1. The ultimate decision is differed from a closed primary to a runoff.
Let’s take a very liberal district, for instance, in which half-a-dozen Democrats are running. In the current system, the winner of the Democratic nominee would be certain to win the general election. In an open primary, that is not the case: the odds are high that the top two vote-getters will be Democrats.
The intra-Democratic contest would thus only be resolved in a runoff, and independents and Republicans would help choose which Democrat will be elected. This is an obvious boost to moderates of both parties, who will have a far easier time building majorities in the runoff than in their party’s closed primary.
2. It allows independents to vote in both rounds.
Currently, independents can only participate in the general election since California’s primaries are closed. With an open primary system, however, they would help choose which candidates advance to a runoff.
This could prove significant in heavily partisan seats. If two liberal and one conservative Democrat are running, for instance, independent voters could ensure that the latter makes it in the top two vote-getters and thus has a chance in the runoff (see #1). But it could prove even more important in seats that are more evenly divided and where the runoff is likely to be an opposition between a Democrat and a Republican. Here, independent voters will essentially be tasked with helping to choose a party’s runoff candidate - and this should once again prove a boost to moderates.
3. A door would open for third parties.
This is the one consequence that could have prove advantageous to progressives, at least to those who would like stronger third parties in the United States.
A major reason for America’s two-party system is the fact that there is only one round in the general election. Liberals who are attracted to a third party candidate but want to make sure Republicans lose have to cast their vote for the Democratic nominee, since they will have no future opportunity (a second round) to do so: If you care about Democrats winning, a vote for a minor candidate is a wasted vote.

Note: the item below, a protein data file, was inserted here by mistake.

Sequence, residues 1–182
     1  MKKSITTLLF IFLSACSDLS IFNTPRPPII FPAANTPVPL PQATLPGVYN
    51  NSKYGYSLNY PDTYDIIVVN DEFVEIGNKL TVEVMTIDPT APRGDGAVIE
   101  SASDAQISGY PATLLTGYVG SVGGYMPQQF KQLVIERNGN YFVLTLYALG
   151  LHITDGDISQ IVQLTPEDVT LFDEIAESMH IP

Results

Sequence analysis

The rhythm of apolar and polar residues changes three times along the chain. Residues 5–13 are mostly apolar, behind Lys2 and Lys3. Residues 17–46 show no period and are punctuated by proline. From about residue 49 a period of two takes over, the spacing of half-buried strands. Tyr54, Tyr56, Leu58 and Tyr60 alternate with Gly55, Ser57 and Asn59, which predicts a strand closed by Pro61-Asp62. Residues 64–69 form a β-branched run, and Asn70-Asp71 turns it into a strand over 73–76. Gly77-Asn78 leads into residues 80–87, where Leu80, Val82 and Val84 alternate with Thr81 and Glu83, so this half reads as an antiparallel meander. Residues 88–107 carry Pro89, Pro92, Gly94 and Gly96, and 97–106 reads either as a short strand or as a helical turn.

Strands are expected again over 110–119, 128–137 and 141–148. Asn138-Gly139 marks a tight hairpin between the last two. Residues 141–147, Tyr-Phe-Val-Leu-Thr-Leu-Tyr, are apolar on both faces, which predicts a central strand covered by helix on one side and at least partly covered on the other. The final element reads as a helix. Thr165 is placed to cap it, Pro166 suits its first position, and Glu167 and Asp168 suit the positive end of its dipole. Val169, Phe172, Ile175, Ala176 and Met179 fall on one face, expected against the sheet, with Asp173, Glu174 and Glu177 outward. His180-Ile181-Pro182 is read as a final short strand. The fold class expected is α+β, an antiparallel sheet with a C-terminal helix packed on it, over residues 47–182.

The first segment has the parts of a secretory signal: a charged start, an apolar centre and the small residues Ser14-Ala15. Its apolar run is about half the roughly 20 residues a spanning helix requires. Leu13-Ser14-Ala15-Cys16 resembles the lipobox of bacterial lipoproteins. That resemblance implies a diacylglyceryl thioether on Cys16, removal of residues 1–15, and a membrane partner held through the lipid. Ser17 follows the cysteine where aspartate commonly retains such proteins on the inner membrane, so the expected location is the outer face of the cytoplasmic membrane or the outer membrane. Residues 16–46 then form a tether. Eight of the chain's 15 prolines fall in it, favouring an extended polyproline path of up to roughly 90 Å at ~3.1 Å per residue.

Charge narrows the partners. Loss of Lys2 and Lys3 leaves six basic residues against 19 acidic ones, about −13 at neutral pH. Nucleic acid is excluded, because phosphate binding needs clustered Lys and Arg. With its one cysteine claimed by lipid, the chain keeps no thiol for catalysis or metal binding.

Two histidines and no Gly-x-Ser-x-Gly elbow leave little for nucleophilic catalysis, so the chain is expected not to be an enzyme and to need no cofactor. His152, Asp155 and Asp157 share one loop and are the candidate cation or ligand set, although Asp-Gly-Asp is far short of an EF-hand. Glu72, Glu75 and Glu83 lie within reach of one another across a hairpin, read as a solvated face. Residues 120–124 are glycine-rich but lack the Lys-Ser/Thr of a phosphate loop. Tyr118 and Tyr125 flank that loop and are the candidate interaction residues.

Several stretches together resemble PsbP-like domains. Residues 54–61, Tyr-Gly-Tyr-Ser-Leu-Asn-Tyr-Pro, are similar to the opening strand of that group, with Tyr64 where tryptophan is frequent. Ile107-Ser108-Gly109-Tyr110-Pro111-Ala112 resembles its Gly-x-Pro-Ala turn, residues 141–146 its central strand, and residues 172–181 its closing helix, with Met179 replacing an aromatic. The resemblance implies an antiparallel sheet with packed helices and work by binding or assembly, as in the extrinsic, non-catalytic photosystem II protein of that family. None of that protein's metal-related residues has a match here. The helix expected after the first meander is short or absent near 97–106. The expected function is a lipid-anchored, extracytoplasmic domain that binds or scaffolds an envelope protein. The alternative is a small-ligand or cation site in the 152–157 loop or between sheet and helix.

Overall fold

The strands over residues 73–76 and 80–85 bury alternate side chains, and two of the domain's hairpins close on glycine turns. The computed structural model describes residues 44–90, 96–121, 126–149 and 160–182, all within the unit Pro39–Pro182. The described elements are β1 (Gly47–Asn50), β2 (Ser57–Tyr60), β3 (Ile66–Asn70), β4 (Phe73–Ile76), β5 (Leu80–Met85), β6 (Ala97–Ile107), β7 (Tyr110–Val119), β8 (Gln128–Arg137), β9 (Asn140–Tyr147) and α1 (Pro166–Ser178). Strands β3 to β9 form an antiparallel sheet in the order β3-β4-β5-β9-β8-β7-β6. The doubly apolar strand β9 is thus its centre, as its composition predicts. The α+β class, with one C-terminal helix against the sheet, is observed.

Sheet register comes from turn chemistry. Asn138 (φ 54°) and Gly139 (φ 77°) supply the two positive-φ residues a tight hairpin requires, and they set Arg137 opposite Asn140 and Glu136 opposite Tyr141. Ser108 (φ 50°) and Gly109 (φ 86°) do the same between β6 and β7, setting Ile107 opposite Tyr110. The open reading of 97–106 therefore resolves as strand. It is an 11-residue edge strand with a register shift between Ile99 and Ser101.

That is no longer the case in a two-round system, in which third party candidates can no longer be attacked as spoilers. A liberal voter can cast a ballot for the Green Party in the first round since the need to defeat Republicans will have been deferred to the runoff. In other words, third party candidates should expect to receive significantly more votes - especially in heavily heavily liberal and heavily conservatives districts in which a significant share of voters are dissatisfied with the two major parties.
In France, for instance, the top two vote-getters rarely get more than 50% of the first round’s vote. More than half of voters usually opt for someone other than the candidate of the leading right-wing party (the UMP) or the leading left-wing party (the Socialist Party), and other parties regularly advance to the runoff. The most famous (and extreme) example occurred in 2002’s presidential election, when far-right leader Jean Marie Le Pen came in second and moved on to the runoff with only 17%.
Over the course of a few cycles, third parties could build enough support to qualify for public funding and access more ballots. Freed from the accusation of playing spoilers, they would also have an easier time winning elections. For instance, might Dean Barkley have gotten more than 16% in Minnesota’s Senate election had voters not been worried that Al Franken and Norm Coleman needed their votes?